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Summary:

Who says social web sites improve friendships? For while they can undoubtedly help us meet new people and stay in touch, their effect on the way we converse with one another face-to-face can be decidedly negative. And in some ways they are ruining in-person conversation.

[qi:010] Who says social web sites improve friendships? For while they can undoubtedly help us meet new people and stay in touch, their effect on the way we converse with one another face-to-face can be decidedly negative.

Two weeks ago I bumped into a friend whom I hadn’t seen in months, and we tried to strike up a conversation. But since we follow each other on Twitter, are friends on Facebook and blog-stalk one another, the usually enjoyable conversation quickly turned awkward. Every major update to our lives, after all, had already been published online.

So are social web sites ruining in-person conversation?

Wanted: A Conversation Tracker

Jeremy Hanks, an admitted Twitter addict, says yes. “Sometimes I assume that everyone reads my blog or sees my tweets,” he explained to me, “so I run into hang-ups in conversation. With so many voices now” — among them email, texting, calls, blogs, comments and social web sites — “it’s like we need a conversation tracker to know who’s heard what and where before engaging in a discussion.”

New York Times columnist Joanna Pearson, in telling the story of a clumsy encounter with a date she had Googled beforehand, wrote, “There’s something to be said for the spontaneity and authentic facial expressions of utter ignorance.” She concluded that sites like Facebook can actually make physical meetings “a little less interesting.”

Others argue that social web sites aren’t to blame for ruined conversations on their own merits. But as a collective part of an overly connected world, they’re certainly contributing to it.

Even my socialite kid sister has complained to me about how many mediums people are on while simultaneously having in-person conversations. “I was talking to a friend recently, and she was rudely instant messaging and perusing her Facebook account at the same time,” she recounted to me. “I couldn’t help but feel I was the one who was most negatively affected by the interchange.”

As it stands, the simultaneous use of multiple social technologies is often received by the bystander as, “Somewhere else, there is someone more important than you.”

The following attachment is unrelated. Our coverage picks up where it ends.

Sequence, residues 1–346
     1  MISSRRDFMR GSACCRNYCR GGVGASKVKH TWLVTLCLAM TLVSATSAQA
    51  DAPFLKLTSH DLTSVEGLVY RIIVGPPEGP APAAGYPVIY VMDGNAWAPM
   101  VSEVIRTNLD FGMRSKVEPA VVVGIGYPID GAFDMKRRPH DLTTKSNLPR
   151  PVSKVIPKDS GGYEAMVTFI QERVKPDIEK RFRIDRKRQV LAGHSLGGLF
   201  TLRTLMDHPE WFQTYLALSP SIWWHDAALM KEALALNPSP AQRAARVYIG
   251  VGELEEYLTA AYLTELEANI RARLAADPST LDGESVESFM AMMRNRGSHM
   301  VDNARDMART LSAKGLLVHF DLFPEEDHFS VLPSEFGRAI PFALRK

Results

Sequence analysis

A Poor Replacement

What’s more, social web sites and their related communication tools are increasingly being abused as replacements for the human touch, according to communication consultant Patti Wood. This despite the fact that, as she bluntly noted, “The Internet was designed to share information, not emotions.”

When asked if social web sites were spoiling verbal conversation, she observed, “The idea of being present in the moment is disappearing. Oftentimes we devalue our current situation — the friends and family around us, our surroundings and setting — for something going on somewhere else, somewhere that seems far more interesting that what is right in front of us.”

Still, many people think social networking sites enhance in-person conversation. Examples include status updates, which can spur deeper dialogue during in-person discussions later on. But it’s important to adapt one’s oral approach accordingly, or awkwardness can ensue.

Whatever you thoughts on the issue, no one can deny that social web sites have changed the way we communicate and subsequently converse in-person. But what fun is in-person conversation if all of life’s announcements were previously made public in 140 keystrokes or less?

  1. “The Internet was designed to share information, not emotions.”

    I have to disagree, if only because ‘emotions’ ARE a form of information. In fact, though I don’t feel this way personally, I Think that most web users approach their webtime emotionally. True, there are many of us who use the thing for research, networking, publishing and so on, but the vast majority of users are not us. They are playing with their friends via some tech. (Geez, even my mom does that and she’s 72.)

    Still, it is somewhat distracting/disheartening watching my son texting during our weekly dinner appts. I finally asked him one night what he was doing. ‘I’m telling Ty (his twin brother) everything we’re saying. He wants to be here.’

    I am working on my distraction/disheartening level.

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  2. I’m sure I’m not alone in experiencing another disturbing thing: getting to know more about casual friends and colleagues via Facebook and realizing there are plenty of things I don’t like about them. Their tastes, the content of their public comments, the idiotic FB applications they play with, their quirks upon finding themselves newly single, etc., can all make me wish to back away, and I don’t think this would have happened so quickly in “real” life. And often the very fact that a friend posts frequent trivial Facebook status updates (ala Twitter) makes me wonder — sometimes to my great surprise — whether they’re really a narcissistic twit with too much time on their hands and not enough real human contact.

    The opposite happens too: some people I only know tentatively from work have been pleasant surprises, so maybe it balances out.

    But the worst was a guy who wished his wife happy anniversary via Facebook — and received a reply from his wife the same way. It not only cheapens the sentiment, it does so in plain view of all their friends, and the first thing a casual observer wonders is “What kind of a marriage is that?” (If I knew them well, I may not wonder, but otherwise…)

    And then there are the folks who fail to reply to an oldfangled email on a business matter or a friendly inquiry at the same time you notice them yammering away on Facebook. I know I’ve hesitated to post anything to FB when I know I owe someone a reply, lest they think I’m ignoring them.